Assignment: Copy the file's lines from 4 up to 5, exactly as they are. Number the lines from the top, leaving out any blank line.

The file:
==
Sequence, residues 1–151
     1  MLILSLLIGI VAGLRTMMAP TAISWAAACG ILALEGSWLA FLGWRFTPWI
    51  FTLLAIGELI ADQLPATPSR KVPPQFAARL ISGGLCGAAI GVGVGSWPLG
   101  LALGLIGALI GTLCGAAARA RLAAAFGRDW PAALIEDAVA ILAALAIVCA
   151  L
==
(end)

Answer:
   101  LALGLIGALI GTLCGAAARA RLAAAFGRDW PAALIEDAVA ILAALAIVCA
   151  L